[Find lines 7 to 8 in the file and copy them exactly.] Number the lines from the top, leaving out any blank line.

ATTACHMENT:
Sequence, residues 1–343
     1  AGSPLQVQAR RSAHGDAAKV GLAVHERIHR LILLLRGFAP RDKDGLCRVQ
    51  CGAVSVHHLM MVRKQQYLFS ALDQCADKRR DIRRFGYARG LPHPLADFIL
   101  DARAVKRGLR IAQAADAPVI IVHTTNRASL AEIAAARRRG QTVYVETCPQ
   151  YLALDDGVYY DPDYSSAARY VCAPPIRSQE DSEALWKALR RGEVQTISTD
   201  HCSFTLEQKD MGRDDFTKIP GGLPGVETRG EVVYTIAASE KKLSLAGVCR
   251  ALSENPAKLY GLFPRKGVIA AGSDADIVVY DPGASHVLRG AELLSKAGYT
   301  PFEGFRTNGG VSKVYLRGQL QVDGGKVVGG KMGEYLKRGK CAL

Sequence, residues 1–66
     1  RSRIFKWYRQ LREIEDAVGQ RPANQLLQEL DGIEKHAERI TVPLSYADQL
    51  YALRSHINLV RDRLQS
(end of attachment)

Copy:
   251  ALSENPAKLY GLFPRKGVIA AGSDADIVVY DPGASHVLRG AELLSKAGYT
   301  PFEGFRTNGG VSKVYLRGQL QVDGGKVVGG KMGEYLKRGK CAL